Unity slapping the “metaverse” terminology on this enormous acquisition as a justification is a pretty good example of how quickly that juggernaut has started rolling. I don’t think that word would have been part of the announcement prior to Zuckerberg’s recent Damascene conversion (or finally getting around to reading Snow Crash, or just really wanting to be in news headlines for something other than nurturing threats to democracy and fomenting genocide in the developing world, or whatever else it was that drove his decision to pivot to the metaverse).
The metaverse concept isn’t new, of course — coined by Neal Stephenson in the early 1990s, it’s been applied to all sorts of concepts and projects in the intervening decades. Aside from a few brave efforts at bringing various metaverse concepts to life (Second Life being the most famous of the bunch), though, in recent years it’s mostly been the province of hucksters with a beady eye for the cash of easily bamboozled investors. Some of the core features that have come to define “metaverses” (as distinct from other shared online spaces like MMORPGs or games like Minecraft) include things like in-game property ownership or leasing, a notion that seems to directly tickle some rent-seeking gland deep in the brain of less technically-savvy investors, making it a perfect high-concept pitch for ‘entrepreneurs’ in the evergreen field of separating fools from their money.
Needless to say, Facebook throwing its weight behind the metaverse has changed that calculus; nothing that the company has done so far has actually made the metaverse concept more real, or plugged any of the enormous holes remaining in both the technological and the intellectual underpinnings of the project, but the promise of Zuck’s billions pouring into this sphere has made it a damned safe bet for anyone who needs a nice buzzword to jazz up a press release.
Carmack’s concerns, however, are widely shared and make a hell of a lot of sense. I fear that there’s about to be an enormous amount of investment and work thrown into fancy interior décor for a building whose foundations haven’t yet been firmly laid — indeed, whose blueprints aren’t yet agreed upon.
For a start, talk to a dozen people working on or around “metaverse” related projects and you’ll get a dozen different definitions of what a metaverse actually is — there are commonalities, for sure, but they’re often focused on the financial structure of the system (the aforementioned obsession with allowing people to own virtual property and buy or sell virtual items, for example) rather than the nuts and bolts of how it actually works and what it provides to its users.
That focus somewhat belies the reality that the people most interested in the metaverse right now aren’t people who actually want to use a metaverse, but people who want to invest in it — investors sitting on scads of cash who know that the enormous growth opportunities offered by the first decade of smartphones have largely settled down, and are now desperately looking for the next gigantic tech growth market.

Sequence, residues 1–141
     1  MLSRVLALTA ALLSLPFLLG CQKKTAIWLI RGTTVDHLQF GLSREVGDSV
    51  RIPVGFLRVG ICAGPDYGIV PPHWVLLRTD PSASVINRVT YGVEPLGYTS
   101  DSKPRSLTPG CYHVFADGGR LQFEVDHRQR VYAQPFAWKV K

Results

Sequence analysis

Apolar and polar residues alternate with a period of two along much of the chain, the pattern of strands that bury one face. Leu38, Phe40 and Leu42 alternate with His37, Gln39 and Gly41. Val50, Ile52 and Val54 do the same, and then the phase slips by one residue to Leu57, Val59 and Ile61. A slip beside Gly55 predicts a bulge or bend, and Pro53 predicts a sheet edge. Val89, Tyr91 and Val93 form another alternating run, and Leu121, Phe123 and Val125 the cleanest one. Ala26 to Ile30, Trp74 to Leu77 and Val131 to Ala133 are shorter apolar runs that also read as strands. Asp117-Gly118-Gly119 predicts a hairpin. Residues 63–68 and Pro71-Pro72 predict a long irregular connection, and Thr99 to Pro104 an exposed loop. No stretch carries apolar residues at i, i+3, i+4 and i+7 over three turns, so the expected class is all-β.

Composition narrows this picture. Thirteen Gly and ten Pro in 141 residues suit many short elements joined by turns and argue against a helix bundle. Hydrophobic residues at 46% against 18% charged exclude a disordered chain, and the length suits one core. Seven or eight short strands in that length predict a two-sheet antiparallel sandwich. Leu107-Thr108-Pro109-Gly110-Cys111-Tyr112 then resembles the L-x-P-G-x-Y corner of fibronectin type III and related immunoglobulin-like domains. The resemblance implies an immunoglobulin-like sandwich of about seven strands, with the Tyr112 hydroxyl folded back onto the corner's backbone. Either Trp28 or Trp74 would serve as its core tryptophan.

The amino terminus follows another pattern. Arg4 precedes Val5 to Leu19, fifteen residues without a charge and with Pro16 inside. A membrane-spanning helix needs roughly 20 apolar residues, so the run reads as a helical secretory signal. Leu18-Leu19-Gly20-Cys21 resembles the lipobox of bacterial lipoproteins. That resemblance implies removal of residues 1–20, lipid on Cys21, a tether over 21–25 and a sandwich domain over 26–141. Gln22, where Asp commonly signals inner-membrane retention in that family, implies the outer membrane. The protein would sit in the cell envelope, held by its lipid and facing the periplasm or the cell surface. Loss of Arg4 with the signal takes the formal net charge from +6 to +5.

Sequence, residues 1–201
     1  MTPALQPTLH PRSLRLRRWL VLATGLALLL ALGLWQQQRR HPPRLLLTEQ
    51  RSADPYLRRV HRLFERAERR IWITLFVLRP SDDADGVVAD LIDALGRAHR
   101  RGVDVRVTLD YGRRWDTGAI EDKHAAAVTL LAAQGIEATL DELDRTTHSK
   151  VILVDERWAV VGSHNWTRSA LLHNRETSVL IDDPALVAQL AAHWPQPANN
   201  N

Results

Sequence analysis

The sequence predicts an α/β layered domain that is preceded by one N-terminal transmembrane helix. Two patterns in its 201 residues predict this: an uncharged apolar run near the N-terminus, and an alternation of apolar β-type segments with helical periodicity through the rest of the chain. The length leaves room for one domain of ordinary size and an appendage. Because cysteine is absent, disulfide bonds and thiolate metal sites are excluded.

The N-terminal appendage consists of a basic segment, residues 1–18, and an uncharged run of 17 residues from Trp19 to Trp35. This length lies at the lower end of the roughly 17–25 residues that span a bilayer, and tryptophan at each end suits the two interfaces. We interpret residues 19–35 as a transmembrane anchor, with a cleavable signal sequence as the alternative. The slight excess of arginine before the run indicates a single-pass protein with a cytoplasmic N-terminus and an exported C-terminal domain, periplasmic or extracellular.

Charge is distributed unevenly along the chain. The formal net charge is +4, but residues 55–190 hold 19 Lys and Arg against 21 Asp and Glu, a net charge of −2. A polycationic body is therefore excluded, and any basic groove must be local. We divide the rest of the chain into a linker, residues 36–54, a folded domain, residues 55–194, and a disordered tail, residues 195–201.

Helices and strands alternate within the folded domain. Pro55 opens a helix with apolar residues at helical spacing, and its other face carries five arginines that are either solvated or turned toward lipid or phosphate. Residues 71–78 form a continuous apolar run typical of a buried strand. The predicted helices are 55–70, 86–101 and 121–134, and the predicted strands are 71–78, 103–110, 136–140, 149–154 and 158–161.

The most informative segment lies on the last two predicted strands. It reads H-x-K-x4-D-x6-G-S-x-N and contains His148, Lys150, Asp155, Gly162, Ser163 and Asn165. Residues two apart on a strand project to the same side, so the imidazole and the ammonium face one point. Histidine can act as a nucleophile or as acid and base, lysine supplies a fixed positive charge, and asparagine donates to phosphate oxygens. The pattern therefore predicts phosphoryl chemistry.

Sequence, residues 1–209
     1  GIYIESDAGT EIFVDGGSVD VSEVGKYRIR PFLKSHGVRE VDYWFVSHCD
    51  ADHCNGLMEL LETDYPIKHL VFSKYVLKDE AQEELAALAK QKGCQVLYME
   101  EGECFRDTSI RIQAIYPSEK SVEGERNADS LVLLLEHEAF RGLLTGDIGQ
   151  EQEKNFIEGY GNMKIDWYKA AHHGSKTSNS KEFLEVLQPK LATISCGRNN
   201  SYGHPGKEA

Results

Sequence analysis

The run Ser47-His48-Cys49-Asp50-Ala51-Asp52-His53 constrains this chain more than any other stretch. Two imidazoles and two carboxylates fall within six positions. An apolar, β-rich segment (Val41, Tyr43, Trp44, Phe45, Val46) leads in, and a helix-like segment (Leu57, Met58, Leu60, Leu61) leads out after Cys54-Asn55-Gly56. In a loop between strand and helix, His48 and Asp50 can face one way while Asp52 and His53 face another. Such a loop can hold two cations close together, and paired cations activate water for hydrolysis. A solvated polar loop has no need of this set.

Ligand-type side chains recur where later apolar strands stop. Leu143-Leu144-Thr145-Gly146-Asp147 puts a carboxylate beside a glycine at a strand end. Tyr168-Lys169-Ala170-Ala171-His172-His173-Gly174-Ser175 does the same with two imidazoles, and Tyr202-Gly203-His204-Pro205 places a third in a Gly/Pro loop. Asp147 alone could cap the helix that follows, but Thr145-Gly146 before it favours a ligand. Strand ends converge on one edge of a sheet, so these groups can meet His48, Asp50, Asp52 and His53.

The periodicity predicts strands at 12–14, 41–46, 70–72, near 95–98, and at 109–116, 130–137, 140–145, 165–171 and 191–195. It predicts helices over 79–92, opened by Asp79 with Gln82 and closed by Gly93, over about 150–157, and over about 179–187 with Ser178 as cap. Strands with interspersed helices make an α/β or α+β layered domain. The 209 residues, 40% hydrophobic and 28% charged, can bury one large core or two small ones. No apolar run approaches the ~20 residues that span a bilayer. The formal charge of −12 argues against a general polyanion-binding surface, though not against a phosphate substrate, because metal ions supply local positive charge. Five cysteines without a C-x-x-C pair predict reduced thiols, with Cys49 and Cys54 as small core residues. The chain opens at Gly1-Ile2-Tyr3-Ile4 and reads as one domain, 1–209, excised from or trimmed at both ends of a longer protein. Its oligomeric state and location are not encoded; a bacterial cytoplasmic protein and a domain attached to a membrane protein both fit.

This isn’t to say that the metaverse — or a collection of metaverses — will not or can not happen, or that there isn’t value to the idea. Much like technological advancements like VR and AR (both of which will likely need to evolve at a breakneck pace to make the idea of the metaverse work in practice), this notion has been a persistent dream for decades precisely because it has a deep allure for a great many people.
But the feeling I get from seeing companies like Unity (and many others; I’m just picking on Unity because they’re this week’s most high profile example, and because the Weta announcement sent their share price soaring so high that I doubt they can hear the criticism over the clinking of champagne glasses) talk about asset creation for the metaverse, or building out services for the metaverse, is pretty much how I felt about companies building mobile phone games before smartphones.
Talking to pre-smartphone mobile game developers, it was impossible not to respect the vision and, indeed, the hustle — but looking at the reality of what they were building, it was incredibly apparent that it was vastly too early for any of this to be a success. Those companies were gambling on the technology and userbase catching up to their ideas before they ran out of money; some of them made it, and got their huge paydays in the end, but most of them went bust well before Steve Jobs ever held up an iPhone in front of the world.
It’s great that Unity is doing some blue-sky thinking about the metaverse and the tools it might require — but companies that can’t afford to spend billions should be far more circumspect, especially since the real value of Weta Digital to Unity is almost certainly going to end up being far closer to its own wheelhouse than to Zuckerberg’s grand and nebulous plans.